Fenway Park

4 Yawkey Way Boston, Massachusetts 02215

Fenway opened on April 20, 1912, the same week that the Titanic went down, and much of it remains the same – even the cramped seats. Fenway is the oldest stadium in the country, and generations of fans have filed through the turnstiles on Yawkey Way. The Green Monster is the distinctive left-field wall, higher than most outfield walls and vexatious to many hitters, whose possible homers turn into singles and doubles. The Green Monster is also home to an enormous scoreboard that’s still changed manually, just like in the old days. (There are some modern improvements: a new social media wall displays tidbits from Red Sox fans’ Instagram photos and tweets during games.) As ever, an enormous Citgo sign hovers high above the field, a beacon for fans around the world.

Fenway is in the heart of the city, just a few blocks from Kenmore Square. It’s easily accessible via the Kenmore Square T stop. You’ll walk over the Brookline Avenue bridge, which crosses the Massachusetts Turnpike, and you can’t miss the crowds. “The Triangle” is a region of center field where the walls form a triangle whose far corner is 420 feet (130 m) from home plate. That deep right-center point is conventionally given as the center field distance. The true center is unmarked, 390 feet (120 m) from home plate, to the left of “The Triangle” when viewed from home plate.

There was once a smaller “triangle” at the left end of the bleachers in center field, posted as 388 feet (118 m). The end of the bleachers form a right angle with the Green Monster and the flagpole stands within that little triangle. That is not the true power alley, but deep left-center. The true power alley distance is not posted. The foul line intersects with the Green Monster at nearly a right angle, so the power alley could be estimated at 336 feet (102 m), assuming the power alley is 22.5 degrees away from the foul line as measured from home plate. The lone red seat in the right field bleachers (Section 42, Row 37, Seat 21) signifies the longest home run ever hit at Fenway. The home run, hit by Ted Williams on June 9, 1946, was officially measured at 502 feet (153 m) – well beyond “Williamsburg”. According to Hit Tracker Online, the ball, if unobstructed, would have flown 520 to 535 feet (158 to 163 m.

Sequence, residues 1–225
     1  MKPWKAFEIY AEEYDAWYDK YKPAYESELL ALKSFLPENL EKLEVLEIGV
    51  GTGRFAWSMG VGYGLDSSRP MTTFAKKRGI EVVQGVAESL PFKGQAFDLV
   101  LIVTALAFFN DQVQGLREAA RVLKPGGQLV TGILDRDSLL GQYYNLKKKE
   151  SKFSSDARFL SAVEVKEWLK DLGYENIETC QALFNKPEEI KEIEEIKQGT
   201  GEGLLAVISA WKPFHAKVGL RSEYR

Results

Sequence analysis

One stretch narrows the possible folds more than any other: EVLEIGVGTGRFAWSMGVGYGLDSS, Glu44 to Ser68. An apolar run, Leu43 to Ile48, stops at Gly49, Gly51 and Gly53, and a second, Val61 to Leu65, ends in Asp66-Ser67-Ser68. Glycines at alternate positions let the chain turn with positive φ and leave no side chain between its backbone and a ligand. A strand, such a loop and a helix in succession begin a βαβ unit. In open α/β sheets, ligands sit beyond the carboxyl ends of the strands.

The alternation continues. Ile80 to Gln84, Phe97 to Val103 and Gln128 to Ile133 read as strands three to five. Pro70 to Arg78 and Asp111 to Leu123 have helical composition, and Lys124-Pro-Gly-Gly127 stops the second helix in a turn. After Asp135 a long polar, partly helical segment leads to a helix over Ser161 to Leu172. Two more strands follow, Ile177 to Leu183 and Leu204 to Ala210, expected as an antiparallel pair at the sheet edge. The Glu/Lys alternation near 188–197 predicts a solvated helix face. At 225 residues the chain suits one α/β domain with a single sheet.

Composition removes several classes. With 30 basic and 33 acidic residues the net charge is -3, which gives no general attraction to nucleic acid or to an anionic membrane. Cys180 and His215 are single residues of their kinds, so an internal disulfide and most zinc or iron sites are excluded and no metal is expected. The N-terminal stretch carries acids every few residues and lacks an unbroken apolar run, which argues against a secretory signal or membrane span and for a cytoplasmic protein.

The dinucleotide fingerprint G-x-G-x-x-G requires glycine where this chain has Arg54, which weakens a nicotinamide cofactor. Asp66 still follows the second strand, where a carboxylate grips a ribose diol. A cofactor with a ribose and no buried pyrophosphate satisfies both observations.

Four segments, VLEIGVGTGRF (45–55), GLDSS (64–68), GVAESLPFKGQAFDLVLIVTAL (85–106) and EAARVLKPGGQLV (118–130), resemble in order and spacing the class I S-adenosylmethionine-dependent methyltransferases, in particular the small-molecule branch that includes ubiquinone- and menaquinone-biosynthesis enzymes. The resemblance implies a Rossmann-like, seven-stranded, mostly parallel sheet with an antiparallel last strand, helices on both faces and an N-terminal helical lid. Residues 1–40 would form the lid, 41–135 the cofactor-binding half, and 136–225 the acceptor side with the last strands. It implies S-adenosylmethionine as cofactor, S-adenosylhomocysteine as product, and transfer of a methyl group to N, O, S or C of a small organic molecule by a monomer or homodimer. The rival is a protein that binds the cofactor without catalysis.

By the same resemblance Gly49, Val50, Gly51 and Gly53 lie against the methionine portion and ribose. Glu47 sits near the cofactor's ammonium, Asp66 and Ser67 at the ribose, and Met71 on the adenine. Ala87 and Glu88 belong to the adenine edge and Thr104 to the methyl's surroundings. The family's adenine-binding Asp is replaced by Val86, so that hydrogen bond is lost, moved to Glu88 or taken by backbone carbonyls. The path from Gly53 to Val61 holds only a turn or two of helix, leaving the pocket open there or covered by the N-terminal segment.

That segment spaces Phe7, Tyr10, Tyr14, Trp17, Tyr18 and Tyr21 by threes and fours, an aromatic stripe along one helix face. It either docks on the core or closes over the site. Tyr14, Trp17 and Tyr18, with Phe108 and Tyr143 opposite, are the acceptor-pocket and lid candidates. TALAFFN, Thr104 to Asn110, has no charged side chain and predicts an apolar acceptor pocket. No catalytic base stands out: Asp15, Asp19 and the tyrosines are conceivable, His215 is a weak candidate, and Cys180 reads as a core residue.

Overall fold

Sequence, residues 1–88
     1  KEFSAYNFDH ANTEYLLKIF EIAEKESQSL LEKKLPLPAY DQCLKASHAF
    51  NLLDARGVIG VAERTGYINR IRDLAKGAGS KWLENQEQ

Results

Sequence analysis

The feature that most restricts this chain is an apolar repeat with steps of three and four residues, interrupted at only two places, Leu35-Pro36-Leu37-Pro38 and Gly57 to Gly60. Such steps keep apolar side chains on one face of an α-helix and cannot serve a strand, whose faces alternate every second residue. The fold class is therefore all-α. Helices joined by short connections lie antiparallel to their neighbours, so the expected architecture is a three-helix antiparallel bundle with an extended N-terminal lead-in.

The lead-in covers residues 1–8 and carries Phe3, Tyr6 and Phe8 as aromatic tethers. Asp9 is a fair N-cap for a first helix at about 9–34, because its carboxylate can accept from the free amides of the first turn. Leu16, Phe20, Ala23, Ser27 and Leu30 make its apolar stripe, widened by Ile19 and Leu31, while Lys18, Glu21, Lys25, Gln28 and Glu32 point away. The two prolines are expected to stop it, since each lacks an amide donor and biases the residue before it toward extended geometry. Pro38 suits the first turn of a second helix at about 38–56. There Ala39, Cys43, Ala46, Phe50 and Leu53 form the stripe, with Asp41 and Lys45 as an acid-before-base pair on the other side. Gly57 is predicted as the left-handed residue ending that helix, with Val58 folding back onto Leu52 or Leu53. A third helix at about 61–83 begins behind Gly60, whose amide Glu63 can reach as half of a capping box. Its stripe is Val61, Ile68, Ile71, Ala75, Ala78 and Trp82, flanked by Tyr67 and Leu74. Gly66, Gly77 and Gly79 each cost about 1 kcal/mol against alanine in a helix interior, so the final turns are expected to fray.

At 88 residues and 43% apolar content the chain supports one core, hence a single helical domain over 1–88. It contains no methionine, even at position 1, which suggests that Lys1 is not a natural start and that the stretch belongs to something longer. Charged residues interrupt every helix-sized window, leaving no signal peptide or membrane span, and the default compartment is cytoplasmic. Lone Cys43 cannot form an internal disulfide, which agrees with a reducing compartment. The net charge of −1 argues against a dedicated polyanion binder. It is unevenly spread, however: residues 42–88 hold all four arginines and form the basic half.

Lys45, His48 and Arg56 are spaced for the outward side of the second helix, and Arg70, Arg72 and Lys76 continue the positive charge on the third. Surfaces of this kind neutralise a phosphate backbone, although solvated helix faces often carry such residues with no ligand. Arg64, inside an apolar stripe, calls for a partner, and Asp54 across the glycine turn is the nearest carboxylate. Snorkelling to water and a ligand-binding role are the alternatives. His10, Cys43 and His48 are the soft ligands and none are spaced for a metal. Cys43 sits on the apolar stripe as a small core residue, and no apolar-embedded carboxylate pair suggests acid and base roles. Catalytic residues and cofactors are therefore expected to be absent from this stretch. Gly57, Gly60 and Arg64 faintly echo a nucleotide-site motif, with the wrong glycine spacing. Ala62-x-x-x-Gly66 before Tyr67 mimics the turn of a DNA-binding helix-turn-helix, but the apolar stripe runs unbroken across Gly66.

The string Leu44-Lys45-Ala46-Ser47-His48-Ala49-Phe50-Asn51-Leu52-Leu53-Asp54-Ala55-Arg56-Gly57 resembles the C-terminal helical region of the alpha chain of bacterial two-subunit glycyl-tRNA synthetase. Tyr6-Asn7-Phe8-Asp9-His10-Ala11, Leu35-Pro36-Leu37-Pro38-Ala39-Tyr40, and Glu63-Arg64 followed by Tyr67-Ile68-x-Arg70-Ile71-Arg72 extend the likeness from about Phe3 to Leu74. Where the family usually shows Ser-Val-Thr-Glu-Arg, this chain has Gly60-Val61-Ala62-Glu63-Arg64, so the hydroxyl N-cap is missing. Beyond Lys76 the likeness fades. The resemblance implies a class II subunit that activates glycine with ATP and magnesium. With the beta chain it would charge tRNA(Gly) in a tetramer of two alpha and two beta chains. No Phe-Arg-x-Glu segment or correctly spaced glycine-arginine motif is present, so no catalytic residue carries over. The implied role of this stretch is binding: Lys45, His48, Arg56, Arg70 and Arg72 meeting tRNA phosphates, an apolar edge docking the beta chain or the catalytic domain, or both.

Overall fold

Created in 1995, the Red Sox Hall of Fame recognizes the outstanding careers of former Red Sox players, managers, front office members and broadcasters. The Hall of Fame plaques are located in the EMC Club hallway. Inductees are chosen every two years by a 14-member selection committee of Red Sox broadcasters and executives, past and present media personnel, and representatives from The Sports Museum of New England and the BoSox Booster Club. A memorable moment in Red Sox history is also recognized in each induction cycle. In November 2008 there were eight inductions into the Red Sox Hall of Fame: right-hander Wes Ferrell, left fielder Mike Greenwell, left-hander Bill Lee, shortstop Everett Scott, right-hander Frank Sullivan and first baseman Mo Vaughn. Non-uniformed inductees were scout George Digby and VP minor leagues Ed Kenney Sr.

The Kid Nation Clubhouse is a kid-friendly area open to children of all ages and their families, as a place to relax and move about with plenty of entertainment and fun activities. The retired Red Sox numbers of Ted Williams (9), Joe Cronin (4), Bobby Doerr (1), Carl Yastrzemski (8), Carlton Fisk (27), Johnny Pesky (6), and Jim Rice (14), along with Jackie Robinson’s #42 that was retired by Major League Baseball in 1997, are affixed to the right field facade in Fenway Park.

Fan Author: Chris Martin

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